Rick Santorum as expected won the Louisiana Republican primary going away, bolstered by big margins among evangelicals and very conservative voters. Yawn. There are 10 reasons why this doesn’t matter at all.

1. Mitt Romney won more than 25 percent of the votes and will therefore split the delegates. The most likely split would give Santorum 10 delegates and Romney five. Santorum will therefore gain the equivalent of half of the delegates from the Northern Mariana Islands, whose nine delegates went to Romney.

2. Romney still leads by about 300 delegates . With 568 delegates to Santorum’s 273 Romney, Romney needs only 576 more delegates, about 46 percent of the remaining delegates. Santorum would need to win about 70 percent, and that just isn’t going to happen.

3. April 3 has winner-take-all contests in Wisconsin, the District of Columbia and Maryland. Romney leads big in the latest Wisconsin polling and should easily take the District, where Santorum failed to get on the ballot, and Maryland.

4. Romney is consolidating his standing nationally. In a tough media week Romney actually soared in the national Gallup tracking poll and now leads by 16 points.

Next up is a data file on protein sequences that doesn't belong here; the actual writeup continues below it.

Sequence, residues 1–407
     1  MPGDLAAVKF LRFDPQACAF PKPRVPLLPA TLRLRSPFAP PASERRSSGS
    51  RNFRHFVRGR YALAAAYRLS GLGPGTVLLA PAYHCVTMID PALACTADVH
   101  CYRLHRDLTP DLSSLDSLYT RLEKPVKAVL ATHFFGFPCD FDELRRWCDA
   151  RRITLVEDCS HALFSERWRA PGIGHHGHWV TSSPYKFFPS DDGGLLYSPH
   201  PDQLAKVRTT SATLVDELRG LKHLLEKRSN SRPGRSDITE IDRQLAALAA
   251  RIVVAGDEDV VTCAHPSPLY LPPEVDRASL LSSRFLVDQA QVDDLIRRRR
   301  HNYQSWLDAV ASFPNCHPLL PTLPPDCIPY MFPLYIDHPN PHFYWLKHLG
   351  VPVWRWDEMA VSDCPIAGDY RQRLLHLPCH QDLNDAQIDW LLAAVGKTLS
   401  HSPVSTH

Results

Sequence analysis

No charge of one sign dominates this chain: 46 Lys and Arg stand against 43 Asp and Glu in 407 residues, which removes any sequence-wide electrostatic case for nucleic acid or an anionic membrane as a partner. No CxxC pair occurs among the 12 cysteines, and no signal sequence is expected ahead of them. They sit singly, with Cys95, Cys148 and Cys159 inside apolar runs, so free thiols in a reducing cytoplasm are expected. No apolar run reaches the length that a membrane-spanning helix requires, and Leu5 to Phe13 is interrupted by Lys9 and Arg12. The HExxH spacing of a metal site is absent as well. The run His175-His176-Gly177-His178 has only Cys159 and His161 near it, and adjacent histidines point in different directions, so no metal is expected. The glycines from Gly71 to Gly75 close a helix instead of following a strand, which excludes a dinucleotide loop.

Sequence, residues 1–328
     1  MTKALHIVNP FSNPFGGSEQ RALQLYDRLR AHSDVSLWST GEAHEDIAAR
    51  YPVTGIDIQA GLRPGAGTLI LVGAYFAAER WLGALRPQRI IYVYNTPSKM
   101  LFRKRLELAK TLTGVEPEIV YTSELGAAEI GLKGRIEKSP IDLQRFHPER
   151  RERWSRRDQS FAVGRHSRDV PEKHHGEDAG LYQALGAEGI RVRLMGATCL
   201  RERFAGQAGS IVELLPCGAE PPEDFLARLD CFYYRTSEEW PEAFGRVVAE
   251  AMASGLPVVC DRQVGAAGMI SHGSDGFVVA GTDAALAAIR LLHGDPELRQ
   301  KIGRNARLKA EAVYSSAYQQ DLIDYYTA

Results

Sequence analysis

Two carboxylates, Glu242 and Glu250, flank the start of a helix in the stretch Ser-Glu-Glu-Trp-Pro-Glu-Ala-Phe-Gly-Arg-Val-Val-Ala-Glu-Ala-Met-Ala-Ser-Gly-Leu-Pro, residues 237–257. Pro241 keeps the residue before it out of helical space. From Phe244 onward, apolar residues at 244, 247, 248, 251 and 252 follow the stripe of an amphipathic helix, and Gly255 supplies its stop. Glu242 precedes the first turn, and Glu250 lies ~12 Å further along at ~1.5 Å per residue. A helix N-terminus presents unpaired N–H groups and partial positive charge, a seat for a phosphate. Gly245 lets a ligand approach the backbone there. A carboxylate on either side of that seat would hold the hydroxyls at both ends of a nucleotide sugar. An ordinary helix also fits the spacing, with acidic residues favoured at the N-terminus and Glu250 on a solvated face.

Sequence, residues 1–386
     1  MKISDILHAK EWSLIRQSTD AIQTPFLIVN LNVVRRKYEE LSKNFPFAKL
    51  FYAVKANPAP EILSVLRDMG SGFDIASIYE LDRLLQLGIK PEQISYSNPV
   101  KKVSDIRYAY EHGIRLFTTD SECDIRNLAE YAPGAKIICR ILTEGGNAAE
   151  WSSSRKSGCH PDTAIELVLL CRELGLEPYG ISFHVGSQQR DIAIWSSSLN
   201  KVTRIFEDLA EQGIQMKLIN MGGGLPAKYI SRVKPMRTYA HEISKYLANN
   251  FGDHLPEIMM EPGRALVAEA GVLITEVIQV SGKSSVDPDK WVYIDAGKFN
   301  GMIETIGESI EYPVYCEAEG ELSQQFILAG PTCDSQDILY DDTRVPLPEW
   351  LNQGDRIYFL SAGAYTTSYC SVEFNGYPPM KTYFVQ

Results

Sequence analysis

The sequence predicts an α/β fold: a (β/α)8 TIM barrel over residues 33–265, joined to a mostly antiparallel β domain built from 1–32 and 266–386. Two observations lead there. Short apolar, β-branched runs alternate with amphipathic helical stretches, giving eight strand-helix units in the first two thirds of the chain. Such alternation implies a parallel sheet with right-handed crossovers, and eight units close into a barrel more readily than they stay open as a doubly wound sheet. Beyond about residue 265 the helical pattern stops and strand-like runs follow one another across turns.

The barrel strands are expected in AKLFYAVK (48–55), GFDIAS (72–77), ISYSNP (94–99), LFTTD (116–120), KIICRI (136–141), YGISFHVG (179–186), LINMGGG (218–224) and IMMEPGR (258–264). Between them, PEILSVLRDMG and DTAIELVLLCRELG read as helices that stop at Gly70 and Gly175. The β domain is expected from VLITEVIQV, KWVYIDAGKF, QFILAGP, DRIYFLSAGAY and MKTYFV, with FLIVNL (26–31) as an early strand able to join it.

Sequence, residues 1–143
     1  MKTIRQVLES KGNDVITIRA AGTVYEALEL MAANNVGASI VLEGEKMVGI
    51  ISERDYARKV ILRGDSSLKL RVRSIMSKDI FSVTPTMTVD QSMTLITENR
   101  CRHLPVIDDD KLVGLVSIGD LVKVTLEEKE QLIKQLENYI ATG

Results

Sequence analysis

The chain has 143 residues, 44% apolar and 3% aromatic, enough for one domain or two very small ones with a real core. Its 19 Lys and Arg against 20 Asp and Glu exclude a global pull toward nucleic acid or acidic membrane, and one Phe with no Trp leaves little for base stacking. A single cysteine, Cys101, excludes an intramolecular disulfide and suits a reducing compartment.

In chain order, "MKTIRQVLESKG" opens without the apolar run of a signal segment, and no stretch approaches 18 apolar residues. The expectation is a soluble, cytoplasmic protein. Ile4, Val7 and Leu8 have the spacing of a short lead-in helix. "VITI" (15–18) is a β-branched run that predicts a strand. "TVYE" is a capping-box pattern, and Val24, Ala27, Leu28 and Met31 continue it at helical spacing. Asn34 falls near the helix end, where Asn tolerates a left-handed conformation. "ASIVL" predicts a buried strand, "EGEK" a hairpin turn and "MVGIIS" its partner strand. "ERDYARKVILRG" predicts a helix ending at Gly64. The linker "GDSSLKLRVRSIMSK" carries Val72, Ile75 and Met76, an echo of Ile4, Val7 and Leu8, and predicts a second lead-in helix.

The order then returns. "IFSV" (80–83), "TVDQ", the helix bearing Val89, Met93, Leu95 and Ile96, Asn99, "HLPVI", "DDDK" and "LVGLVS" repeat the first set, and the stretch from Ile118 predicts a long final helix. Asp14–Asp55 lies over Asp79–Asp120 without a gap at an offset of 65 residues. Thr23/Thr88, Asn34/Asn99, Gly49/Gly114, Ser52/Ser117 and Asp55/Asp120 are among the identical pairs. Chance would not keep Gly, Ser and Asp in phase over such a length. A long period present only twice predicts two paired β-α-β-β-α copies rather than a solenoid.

5. Louisiana hasn’t voted for a Democrat for president since 1996. Romney will carry the state easily in the general election.

6. Louisiana Democrats don’t even like the president all that much. He lost several parishes in the Democratic primary.

7. The media treated this as a non-event. On an evening on which former vice president Dick Cheney had a heart transplant and two of the four NCAA Elite Eight basketball games were played, Louisiana’s primary was hardly the top news story of the day.

8. In California 172 delegates are at stake. “Romney won 42 percent of registered Republican voters, with his closest rival, Rick Santorum, trailing by 19 points, according to the USC Dornsife/Los Angeles Times poll.”

9. April 24. On that date New York, Pennsylvania, Rhode Island, Connecticut and Delaware hold primaries. Romney is very likely to win four of these.

10. The dominant narrative in the race is unchanged. The questions are: When and how will Santorum get out of the race, and how quickly Romney can unify the party?